"ARTofMELT WP 10 insides" by Julia Muchowski

The expedition ARTofMELT2023 (Atmospheric Rivers and the Onset of Sea Ice Melt 2023), led by researchers from Stockholm University, is embarking on a research expedition to the central Arctic Ocean. The aim is to gather unique observations of the processes that govern the transition from winter to summer in the high Arctic.

Julia Muchowski from the Department of Geological Sciences is the Principal Investigator (PI) for Work Package 10: Physical Oceanography, during the ARTofMELT2023 Expedition that set sail from Longyearbyen on Svalbard, Norway, on May 7. Julia and her team had the first deployment of the microstructure profiler on a helicopter station last week just before a storm came in.


During week three we had another storm passing over us with cold temperatures and strong winds of more than 20 m/s and temperatures that felt like –22 degrees (temperatures of around –11 degree and strong wind). No CTD casts or profiler measurements from the ice were possible due to strong winds and poor visibility. But, we collected acoustic data while drifting fast and used XBT probes to measure sound speed profiles along the cruise track. The EK80 water column data showed signs of increased turbulent mixing.

Photo: Julia Muchowski
Lina and Noemie working at the acoustics desk. Photo: Julia Muchowski
Photo: Noemie Planat
Julia Muchowski launching an XBT. Photo: Noemie Planat

The ice at our old position was too thick to make our way northwards therefore we steamed east after the storm had passed, left the ice near Svalbard and steamed up north and back into the ice from there. Our current position is 80 degrees 23.64N and 4 degrees 42.36 E. This morning we moored to an ice floe (the second floe on this expedition) and we will go out this afternoon to collect the first in situ oceanographic data from the ice. The plan is to spend this entire week collecting atmospheric and oceanographic data from the floe, covering an upcoming warm air intrusion.

Photo: Julia Asplund
Photo: Julia Asplund

Greetings, Julia

Ice work, digging holes. Photo: Noemie Planat
Ice work, digging holes. Photo: Noemie Planat

Since the beginning of the expedition, we have been busy deploying all instruments and collecting data. The team (composed of Julia, Aileen, and 4 ECS: Anais, Lina, Magnus, Noemie) is in charge of several acoustic instruments (EK80, ADCP (currents), SBP (mapping the subbottom structure), Multibeam (seabed floor) plus oceanographic instruments: CTD (temperature, salinity, depth), rosette and niskin bottles (water samples at depth), UVP and fish camera (which take pictures of e.g. jelly fish, copepods, shrimps and fish), and VMP (high resolution temperature, salinity, and shear profiles).

During last week

  • We mapped unmapped seafloor bathymetry, including seamounts and ridges.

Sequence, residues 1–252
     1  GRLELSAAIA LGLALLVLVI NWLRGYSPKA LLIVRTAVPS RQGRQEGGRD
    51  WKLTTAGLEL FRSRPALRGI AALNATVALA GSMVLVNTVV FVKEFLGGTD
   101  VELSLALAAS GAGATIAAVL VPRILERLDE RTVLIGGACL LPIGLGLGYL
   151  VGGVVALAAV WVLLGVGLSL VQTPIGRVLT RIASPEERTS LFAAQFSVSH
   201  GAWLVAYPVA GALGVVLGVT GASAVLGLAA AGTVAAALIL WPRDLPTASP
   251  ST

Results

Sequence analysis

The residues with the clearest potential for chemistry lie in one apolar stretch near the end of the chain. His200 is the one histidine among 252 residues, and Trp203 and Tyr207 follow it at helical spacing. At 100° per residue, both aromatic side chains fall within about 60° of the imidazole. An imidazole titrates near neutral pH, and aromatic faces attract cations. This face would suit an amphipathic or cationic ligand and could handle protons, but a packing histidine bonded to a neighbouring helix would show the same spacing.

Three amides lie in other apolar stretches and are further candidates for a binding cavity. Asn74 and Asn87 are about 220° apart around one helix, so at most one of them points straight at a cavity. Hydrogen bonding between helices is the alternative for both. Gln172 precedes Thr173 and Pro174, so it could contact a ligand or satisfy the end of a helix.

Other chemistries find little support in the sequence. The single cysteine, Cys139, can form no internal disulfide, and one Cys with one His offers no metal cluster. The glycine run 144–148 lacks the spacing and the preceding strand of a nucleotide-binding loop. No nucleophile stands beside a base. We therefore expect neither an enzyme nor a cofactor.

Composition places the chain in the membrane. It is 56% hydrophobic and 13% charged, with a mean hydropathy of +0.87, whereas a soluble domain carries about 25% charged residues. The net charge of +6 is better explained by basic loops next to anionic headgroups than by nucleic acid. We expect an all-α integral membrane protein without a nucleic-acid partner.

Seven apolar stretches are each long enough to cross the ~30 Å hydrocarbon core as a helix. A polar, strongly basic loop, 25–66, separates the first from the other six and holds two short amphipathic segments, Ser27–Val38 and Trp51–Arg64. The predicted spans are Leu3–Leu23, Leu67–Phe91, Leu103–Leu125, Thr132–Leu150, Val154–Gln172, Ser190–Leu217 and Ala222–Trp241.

• Collected several CTDs. The CTD profiles show large variability in mixed layer depth as well as in structures of temperature and salinity below the mixed layer.
  • Acoustic EK80 observations have shown scattering layers around 200-300 m and 500-600 m depth. We use these depths to stop the CTD and film with the fish camera and the UVP
  • Helicopter ice stations: we deployed the VMP from a hole in the ice (CTD + shear measurements) at two helicopter stations. One before, and one after a storm. The data show large changes in temperature and salinity.
  • Other WPs: ROV underwater multibeam mapping of the ice, surface water samples from leads, ice and snow samples, air measurements (pollution, gas, etc.). Helicopter flights with extensive atmospheric instruments towed. Balloons with soundings launch every 6 hours. Water samples from CTD taken to for instance analyze gas content, isotope ratios.

IB Oden is anchored to ice flows and many work packages deploy instruments on the ice to provide a complete estimate of Ocean-Ice-Air fluxes in the vicinity of the ice floe.

Our WP deploys the VMP microstructure profiler and the fish camera from the ice floe, which will be combined with CTD casts and EK80 acoustic observations. Our goal is to take VMP measurements along a transect across the ice floe, to cover spatial variations in turbulent mixing and stratification of the water below the floe.

The sea ice around us is thick with many ridges which makes it extremely difficult for the Oden to find a path North. In addition, storms keep stopping us from moving north. We are currently at around 79 deg N, 3 deg W and will see in a few days if a path towards the North opens up.

Ice work with IB Oden on the background. Photo: Noemie Planat
Ice work with IB Oden on the background. Photo: Noemie Plana
CTD work on Ice breaker Oden during Expedition ARTofMELT 2023. Photo: Stella Papadopoulou
CTD work. Photo: Stella Papadopoulou


Photo by Lina Holthausen
The first deployment of the microstructure profiler on a helicopter station. Photo: Lina Holthausen

Currently they are in really thick ice at 80 degree 05.44 N and 2 degree 02.58 W, fairly cold with −12.5 degree Celsius. The storm is over and they are preparing for the first ice station next to the ship.

In total, they had 3 successful CTD casts, collected multibeam, subbottom, ADCP and EK80 midwater acoustic data and collected measurements of turbulent mixing on two helicopter ice stations with the microstructure profiler.

Written by Julia Muchowski


Find more material about ARTofMELT2023

The research project

Read more about ARTofMELT2023 at the research project site


Material from the Swedish Polar Research Secretariat

Read more about ARTofMELT2023 at the Swedish Polar Research Secretariat

Read more about the ice breaker Oden


More about the chief scientist for the expedition

Read more about Michael Tjernström’s research

Read more about Paul Zieger’s research


Contribution to the icebreaker Oden from the Department of Physics

Ulf produces parts for polar expeditions

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